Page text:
Measure S opponents scale back claims in voter guide after being sued

Backers of Measure S speak at a news conference Wednesday outside of Los Angeles City Hall.
(Emily Alpert Reyes / Los Angeles Times)
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Opponents of a controversial measure that would restrict L.A. real estate development have agreed to scale back some of their claims submitted for a city voter guide after being sued by the initiative’s supporters.

Backers of Measure S, which would temporarily halt construction projects that require changes in city planning rules, had accused their opponents of submitting inaccurate statements for the guide, which will be mailed to voters ahead of the March election and includes arguments for and against the ballot measure.

The lawsuit, filed last month by attorney Grace Yoo, contended that it was misleading to call a critical study penned by Beacon Economics an “independent” analysis.


“It was bought and paid for — and so was the economist,” Jill Stewart, campaign director for the ballot measure, said at a news conference Wednesday outside Los Angeles City Hall.

The lawsuit also objected to claims about the economic impact of Measure S, arguing they were based on the false premise that real estate development would be restricted for a decade. The ballot measure includes a two-year moratorium on some construction projects, one of the most hotly contested parts of the plan.

Stewart said that opponents had agreed to all the changes that were being sought and that Measure S supporters would drop their lawsuit.

Under an agreement released Wednesday, opponents of the ballot measure will alter the disputed wording and no longer call the study “independent.”

They will also adjust their stated estimates from that study of the economic fallout of the proposal — including lost jobs and revenue — to reflect a two-year restriction instead of a decadelong one.

When the lawsuit was first filed, Measure S opponents had strenuously disputed its assertions, calling Beacon Economics an independent firm and saying that opponents had funded the study but “did not direct it.”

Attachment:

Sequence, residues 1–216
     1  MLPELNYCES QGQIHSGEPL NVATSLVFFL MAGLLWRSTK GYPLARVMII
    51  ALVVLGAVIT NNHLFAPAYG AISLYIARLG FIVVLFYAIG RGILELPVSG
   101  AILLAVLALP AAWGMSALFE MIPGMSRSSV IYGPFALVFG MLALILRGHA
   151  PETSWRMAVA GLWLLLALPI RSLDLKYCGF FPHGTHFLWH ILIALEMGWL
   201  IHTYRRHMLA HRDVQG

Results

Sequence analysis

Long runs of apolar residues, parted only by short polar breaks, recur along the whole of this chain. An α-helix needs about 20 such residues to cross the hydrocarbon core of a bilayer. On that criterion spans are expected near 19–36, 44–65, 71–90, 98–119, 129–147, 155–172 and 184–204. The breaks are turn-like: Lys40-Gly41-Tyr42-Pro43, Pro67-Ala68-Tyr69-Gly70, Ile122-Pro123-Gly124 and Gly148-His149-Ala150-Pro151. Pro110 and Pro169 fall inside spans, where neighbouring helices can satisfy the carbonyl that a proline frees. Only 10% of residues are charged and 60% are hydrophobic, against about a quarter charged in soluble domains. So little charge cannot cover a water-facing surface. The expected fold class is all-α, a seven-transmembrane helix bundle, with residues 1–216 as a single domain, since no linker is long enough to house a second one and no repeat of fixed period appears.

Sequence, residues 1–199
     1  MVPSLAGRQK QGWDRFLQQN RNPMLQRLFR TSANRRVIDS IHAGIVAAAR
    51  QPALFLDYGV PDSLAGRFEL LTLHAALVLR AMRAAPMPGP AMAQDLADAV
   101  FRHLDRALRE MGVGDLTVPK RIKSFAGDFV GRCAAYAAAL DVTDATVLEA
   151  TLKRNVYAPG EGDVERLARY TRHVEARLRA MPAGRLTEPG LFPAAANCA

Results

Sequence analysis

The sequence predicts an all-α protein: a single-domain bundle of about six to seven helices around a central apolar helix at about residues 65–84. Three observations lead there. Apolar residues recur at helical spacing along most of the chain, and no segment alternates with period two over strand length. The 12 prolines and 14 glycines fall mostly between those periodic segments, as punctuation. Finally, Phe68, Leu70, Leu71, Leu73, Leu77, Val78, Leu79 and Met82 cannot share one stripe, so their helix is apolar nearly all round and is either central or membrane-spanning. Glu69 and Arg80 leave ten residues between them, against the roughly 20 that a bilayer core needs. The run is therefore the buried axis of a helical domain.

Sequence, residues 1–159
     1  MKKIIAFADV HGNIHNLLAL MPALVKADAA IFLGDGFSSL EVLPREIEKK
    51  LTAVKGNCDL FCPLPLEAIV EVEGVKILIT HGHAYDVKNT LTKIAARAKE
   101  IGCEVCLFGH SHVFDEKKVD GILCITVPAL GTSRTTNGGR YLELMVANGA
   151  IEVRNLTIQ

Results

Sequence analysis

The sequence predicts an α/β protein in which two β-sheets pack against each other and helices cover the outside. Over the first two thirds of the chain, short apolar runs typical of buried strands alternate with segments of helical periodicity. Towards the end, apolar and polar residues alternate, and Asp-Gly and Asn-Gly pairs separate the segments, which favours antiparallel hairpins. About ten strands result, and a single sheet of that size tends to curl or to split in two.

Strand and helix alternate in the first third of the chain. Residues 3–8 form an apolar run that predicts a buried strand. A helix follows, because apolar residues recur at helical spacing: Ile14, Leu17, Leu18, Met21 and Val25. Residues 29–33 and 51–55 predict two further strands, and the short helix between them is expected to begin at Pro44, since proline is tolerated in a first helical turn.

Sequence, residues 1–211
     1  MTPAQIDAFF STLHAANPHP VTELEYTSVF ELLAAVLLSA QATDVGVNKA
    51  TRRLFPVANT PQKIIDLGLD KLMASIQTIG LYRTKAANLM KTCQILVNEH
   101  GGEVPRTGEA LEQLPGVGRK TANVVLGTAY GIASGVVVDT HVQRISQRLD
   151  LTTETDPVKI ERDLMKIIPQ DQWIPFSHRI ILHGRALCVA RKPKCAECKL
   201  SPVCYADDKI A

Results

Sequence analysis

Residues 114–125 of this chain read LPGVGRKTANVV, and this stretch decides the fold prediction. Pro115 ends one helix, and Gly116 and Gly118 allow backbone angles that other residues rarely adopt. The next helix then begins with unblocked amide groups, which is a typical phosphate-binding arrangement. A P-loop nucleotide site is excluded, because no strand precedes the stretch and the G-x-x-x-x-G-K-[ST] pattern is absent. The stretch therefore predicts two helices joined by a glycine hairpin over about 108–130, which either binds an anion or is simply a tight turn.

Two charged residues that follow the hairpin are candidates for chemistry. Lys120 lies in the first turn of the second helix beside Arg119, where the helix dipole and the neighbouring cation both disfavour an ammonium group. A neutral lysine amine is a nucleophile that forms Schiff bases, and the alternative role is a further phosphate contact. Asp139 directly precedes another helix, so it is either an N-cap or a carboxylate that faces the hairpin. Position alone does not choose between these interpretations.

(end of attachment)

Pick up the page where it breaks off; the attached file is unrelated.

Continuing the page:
Opponents also said they believed that restrictions on development could ultimately last much longer than two years because of other requirements embedded in the measure — requirements that involve the lengthy process of updating community plans, said Josh Kamensky, spokesman for the opposition Coalition to Protect L.A. Neighborhoods and Jobs.

Stewart disputed those assertions Wednesday, arguing that such plans could be approved much more swiftly and reiterating that the moratorium would only last two years.

The agreement states that while opponents continue to deny the accusations in the lawsuit, both sides want to resolve the dispute without spending more money.

Both supporters and opponents of Measure S painted the agreement Wednesday as a victory: Stewart argued that opponents had caved because their arguments would not hold up in court. The Coalition to Protect L.A. Neighborhoods and Jobs countered that proponents had conceded that the ballot measure would have “devastating effects.”

“This is, in effect, them saying, ‘We recognize that this will cost 24,000 jobs … and we don’t care,’ ” Kamensky said Wednesday, referring to the amended claims that would appear in the voter guide.

Stewart dismissed that argument. “We’re not agreeing to their amended claims. They’re just trying to spin it,” she said.


The lawsuit was funded by the Coalition to Preserve L.A., which has been bankrolled chiefly by the AIDS Healthcare Foundation. The foundation has been locked in a legal battle with the city over a new building project in the works next door to its Hollywood headquarters.

Backers of Measure S argue that “mega-developments” are ruining neighborhoods, displacing longtime residents and worsening traffic. Their proposal to curb development has pitted them against labor, business and nonprofit groups that contend that imposing such restrictions would hurt the L.A. economy and exacerbate the city’s housing shortage.

Twitter: @LATimesEmily